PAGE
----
Laser processing of glass
An overview of glass processing with several different kinds of lasers using a variety of processing techniques
Glass presents some tough challenges when using lasers for material processing because of its brittle nature and poor heat transfer. Localized residual heat from the laser beam can cause cracking and chipping, especially on the exit side. Also, the transmissive nature of glass in the visible region of the spectrum limits the number of available laser wavelengths that can be used.
Historically, laser processing of glass has been very difficult due to its inherent physical properties, so there are several challenges that have to be addressed when using lasers for glass processing. The first is choice of laser wavelength. Most glasses transmit in the visible portion of the spectrum, and many transmit over very wide portions of the spectrum outside of the visible. This is usually a disadvantage as it limits the choice of available laser wavelengths for processing, but actually in some applications the transmissive properties can be used to advantage, such as in 'backside processing' where the beam goes through bulk substrate and is used to machine material on the far side. In most cases, the choice of laser wavelength is limited to the infrared (IR) and/or Ultraviolet (UV). As a general statement, the further in either direction from the visible, the better the material absorbs the photons.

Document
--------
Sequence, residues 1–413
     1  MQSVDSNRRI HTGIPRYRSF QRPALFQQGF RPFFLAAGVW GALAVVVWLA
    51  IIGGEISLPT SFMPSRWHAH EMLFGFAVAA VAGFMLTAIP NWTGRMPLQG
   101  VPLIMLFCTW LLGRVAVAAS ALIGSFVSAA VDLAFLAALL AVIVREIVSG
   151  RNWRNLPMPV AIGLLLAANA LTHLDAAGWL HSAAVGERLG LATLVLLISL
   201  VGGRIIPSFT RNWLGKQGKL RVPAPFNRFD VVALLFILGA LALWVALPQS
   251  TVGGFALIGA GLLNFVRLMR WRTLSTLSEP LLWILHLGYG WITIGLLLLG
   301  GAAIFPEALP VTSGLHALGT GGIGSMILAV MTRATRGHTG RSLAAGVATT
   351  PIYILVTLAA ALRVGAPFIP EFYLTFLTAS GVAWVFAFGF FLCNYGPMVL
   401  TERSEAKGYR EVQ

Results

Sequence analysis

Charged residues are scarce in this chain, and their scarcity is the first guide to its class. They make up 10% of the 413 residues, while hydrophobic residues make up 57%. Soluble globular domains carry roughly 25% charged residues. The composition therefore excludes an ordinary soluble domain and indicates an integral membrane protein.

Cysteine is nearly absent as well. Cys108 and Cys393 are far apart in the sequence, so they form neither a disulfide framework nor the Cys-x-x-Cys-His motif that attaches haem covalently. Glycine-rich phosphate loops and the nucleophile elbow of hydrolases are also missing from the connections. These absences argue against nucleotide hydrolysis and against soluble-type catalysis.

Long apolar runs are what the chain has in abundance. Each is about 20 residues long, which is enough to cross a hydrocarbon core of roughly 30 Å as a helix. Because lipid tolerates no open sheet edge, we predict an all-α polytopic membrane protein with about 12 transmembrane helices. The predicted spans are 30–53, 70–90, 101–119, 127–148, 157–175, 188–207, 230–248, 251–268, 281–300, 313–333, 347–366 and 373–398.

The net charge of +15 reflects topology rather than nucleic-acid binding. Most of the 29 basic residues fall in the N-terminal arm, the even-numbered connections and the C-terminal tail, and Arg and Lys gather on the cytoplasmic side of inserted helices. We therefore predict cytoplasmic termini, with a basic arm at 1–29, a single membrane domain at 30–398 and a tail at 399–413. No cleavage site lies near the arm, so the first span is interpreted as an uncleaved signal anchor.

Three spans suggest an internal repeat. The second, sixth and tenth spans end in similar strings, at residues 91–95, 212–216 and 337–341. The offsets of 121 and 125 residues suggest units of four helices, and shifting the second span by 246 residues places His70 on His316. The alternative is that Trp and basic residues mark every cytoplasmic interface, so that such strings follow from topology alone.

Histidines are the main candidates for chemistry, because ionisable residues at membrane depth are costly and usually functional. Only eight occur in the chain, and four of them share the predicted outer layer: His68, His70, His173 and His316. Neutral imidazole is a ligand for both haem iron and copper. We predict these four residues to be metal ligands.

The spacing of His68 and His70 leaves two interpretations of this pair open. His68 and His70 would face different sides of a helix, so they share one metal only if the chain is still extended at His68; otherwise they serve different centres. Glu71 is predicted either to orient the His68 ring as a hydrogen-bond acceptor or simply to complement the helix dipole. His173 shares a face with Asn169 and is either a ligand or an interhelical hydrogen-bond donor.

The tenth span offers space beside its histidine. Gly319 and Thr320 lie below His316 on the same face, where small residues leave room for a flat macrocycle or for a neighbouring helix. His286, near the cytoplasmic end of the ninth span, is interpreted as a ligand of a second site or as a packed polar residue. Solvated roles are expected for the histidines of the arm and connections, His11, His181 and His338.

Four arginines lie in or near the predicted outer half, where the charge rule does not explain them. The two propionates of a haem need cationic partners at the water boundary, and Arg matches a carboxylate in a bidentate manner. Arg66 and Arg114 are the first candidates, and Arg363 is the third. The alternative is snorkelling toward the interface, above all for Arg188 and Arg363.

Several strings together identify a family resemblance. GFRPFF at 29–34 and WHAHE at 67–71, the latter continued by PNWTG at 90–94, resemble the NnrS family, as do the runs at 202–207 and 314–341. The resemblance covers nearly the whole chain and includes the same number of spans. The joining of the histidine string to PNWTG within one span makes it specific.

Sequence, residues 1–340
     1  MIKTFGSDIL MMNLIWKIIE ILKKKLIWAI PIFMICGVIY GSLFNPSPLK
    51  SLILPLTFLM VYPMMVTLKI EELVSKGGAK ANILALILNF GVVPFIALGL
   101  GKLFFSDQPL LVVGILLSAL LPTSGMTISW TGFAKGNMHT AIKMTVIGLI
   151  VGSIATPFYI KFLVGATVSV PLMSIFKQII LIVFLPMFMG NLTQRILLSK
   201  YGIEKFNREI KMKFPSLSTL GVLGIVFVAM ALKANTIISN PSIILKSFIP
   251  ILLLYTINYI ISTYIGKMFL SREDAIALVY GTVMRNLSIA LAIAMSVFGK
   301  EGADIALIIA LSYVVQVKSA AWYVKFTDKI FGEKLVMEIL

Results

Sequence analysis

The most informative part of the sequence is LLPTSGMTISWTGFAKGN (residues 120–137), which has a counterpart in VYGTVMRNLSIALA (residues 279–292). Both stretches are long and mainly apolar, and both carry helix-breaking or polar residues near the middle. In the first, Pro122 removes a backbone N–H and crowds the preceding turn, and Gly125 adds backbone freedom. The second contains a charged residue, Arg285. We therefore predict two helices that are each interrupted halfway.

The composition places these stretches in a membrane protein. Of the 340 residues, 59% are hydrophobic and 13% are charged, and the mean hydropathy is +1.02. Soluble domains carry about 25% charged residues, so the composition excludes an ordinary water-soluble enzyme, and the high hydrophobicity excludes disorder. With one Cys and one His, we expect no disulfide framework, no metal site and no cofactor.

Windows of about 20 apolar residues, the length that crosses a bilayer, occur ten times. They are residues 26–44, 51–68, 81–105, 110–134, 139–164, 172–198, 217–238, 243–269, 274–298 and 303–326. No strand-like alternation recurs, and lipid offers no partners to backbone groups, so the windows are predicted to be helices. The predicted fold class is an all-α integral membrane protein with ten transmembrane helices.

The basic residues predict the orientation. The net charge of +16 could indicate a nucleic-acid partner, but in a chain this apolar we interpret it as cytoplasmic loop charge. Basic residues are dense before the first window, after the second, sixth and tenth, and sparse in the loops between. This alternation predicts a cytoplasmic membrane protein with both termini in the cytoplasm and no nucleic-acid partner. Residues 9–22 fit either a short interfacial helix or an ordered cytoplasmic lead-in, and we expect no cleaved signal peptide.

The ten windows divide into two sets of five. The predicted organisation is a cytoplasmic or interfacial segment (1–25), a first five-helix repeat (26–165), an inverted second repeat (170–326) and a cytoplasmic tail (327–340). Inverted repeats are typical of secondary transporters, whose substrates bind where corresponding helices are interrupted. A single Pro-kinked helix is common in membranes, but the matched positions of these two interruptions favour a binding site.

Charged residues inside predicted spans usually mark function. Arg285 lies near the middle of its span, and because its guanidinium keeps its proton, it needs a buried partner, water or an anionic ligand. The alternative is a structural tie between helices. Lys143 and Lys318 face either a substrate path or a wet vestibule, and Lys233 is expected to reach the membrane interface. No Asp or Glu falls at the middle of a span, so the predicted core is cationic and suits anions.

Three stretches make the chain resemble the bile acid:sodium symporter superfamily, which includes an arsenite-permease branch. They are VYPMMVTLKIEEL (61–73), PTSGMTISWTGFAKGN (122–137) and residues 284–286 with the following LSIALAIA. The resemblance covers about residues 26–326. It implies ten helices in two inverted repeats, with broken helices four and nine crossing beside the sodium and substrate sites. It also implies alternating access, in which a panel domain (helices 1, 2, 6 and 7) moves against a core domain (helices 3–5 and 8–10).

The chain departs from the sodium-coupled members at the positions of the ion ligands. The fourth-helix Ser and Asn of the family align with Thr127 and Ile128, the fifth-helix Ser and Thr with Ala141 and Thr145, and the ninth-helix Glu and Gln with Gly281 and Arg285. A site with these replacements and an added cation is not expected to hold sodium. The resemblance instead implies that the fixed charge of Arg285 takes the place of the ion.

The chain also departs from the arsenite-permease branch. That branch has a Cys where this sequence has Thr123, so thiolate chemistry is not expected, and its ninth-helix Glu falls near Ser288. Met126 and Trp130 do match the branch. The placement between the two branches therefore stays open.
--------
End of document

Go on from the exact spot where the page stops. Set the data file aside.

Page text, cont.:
Much bigger challenges are faced when considering the brittle nature of the material and the poor thermal conductivity. This is especially true when using the IR lasers, as the first order material interaction is via a thermal mechanism and, therefore, cracks form. Sometimes this can be limited to microcracks during processing, but faults such as these affect long-term reliability of many devices as the fractures propagate over time, causing catastrophic defects. Another problem is the difficulty of getting clean exit holes as bottom side 'chip out' almost always occurs. Finally, many times there is a thermally induced 'glaze' around holes or cuts where the local structure of the material has been permanently changed from the laser process.